The ABA submitted a report to U.S, Attorney General Eric H. Holder Jr. earlier this year with the five key findings of the National Focus Group on Indigent Defense Reform, which was brought together to identify concrete strategies for reforming and strengthening indigent defense services throughout the United States.
The Bureau of Justice Assistance funded the 18-member Focus Group through a grant to the ABA Standing Committee on Legal Aid and Indigent Defendants with the National Association of Criminal Defense Lawyers as a subgrantee. Participants included representatives from all branches of state government, prosecutors, defenders, and leaders of non-governmental organizations dedicated to improving indigent defense systems.
The Focus Group believes that Justice Department support for adoption of the five core findings would demonstrably improve prospects for indigent defense reform.
The following summarize four key core findings that reflect existing ABA policy:
- Any solution to the indigent defense crisis in America must focus on the front end of the system as much as the back end. Over-reliance on criminal prosecution for petty, non-violent offenses, for which people seldom receive jail sentences, drives defender caseloads to unmanageable extremes. Many jurisdictions have begun to experiment with reclassification of offenses to relieve the pressure, and the Focus Group believes leadership from the Justice Department can help reverse America’s reliance on the criminal justice system as the tool of first choice to influence social behavior that is inherently criminal.
- There is an urgent need for the Justice Department to support programs that assure that counsel is provided at the initial appearance in every situation where a person is criminally charged and their liberty is at stake. The costs to communities for detaining unrepresented persons charged with minor offenses are better invested in providing for the early appearance of counsel, whose representation can facilitate better, quicker and less costly outcomes.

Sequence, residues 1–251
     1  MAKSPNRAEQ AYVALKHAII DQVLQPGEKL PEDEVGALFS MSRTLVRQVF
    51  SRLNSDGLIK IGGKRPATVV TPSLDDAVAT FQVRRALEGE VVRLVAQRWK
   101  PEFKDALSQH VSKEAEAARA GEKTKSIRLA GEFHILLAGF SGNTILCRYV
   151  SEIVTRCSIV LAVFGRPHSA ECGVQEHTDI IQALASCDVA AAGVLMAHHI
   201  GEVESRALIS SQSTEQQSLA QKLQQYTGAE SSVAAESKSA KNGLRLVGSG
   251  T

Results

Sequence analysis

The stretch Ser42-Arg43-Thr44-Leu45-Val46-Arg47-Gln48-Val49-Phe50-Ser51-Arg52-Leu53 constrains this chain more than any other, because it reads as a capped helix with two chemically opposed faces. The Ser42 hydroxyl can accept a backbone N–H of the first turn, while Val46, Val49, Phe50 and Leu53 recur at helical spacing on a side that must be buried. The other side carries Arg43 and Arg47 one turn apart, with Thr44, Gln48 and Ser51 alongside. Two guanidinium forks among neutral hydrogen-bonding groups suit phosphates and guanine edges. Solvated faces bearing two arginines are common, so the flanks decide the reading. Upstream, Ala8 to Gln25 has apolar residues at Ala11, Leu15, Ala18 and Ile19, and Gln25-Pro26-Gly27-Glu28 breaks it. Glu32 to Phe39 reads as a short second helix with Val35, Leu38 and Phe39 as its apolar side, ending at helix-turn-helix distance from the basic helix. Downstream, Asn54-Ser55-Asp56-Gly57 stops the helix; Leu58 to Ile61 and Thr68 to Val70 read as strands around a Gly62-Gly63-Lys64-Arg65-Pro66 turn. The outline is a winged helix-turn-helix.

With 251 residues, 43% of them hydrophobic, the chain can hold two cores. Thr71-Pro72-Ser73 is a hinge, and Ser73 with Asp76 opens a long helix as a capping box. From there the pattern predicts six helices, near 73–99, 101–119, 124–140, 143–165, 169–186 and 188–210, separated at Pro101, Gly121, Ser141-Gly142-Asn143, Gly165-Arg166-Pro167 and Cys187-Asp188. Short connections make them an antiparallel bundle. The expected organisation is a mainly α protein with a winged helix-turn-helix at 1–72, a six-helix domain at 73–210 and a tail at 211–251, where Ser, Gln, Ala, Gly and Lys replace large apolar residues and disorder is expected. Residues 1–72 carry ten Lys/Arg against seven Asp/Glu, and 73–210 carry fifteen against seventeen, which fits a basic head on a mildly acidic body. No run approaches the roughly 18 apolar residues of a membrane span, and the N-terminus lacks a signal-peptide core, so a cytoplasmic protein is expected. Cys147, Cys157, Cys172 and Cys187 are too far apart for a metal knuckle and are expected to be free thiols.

- The Justice Department could exert leadership through policies and ongoing communications to ensure that the defense bar is consulted prior to the adoption of any new law enforcement strategies that will impact case processing or caseloads.
- The Justice Department should fully recognize that public defense requires the active involvement of the private bar as well as public defenders.
The fifth core finding, on which the ABA has not yet adopted policy but is expected to consider at a later date, states that the Justice Department should act and/or seek the tools necessary to assertively support full realization of the Sixth Amendment right to counsel. Where there is clear evidence of systemic denial of the right to counsel, the department can, through filing of amicus briefs, support systemic litigation that seeks to reform state or local indigent defense systems. The department also could also seek enactment of legislation conferring federal jurisdiction upon the agency to bring actions to remedy systemic violations of the Sixth Amendment.
During the ABA Midyear Meeting in February, Holder applauded the recommendation of the Focus Group.
“Together, this diverse group worked to develop concrete strategies for reforming our nation’s indigent defense systems, and to identify actions that the Justice Department can take to help facilitate this work,” Holder said. “Their findings … will undoubtedly guide reform efforts long into the future. And their recommendations will reinforce the robust commitment that the department has already demonstrated.”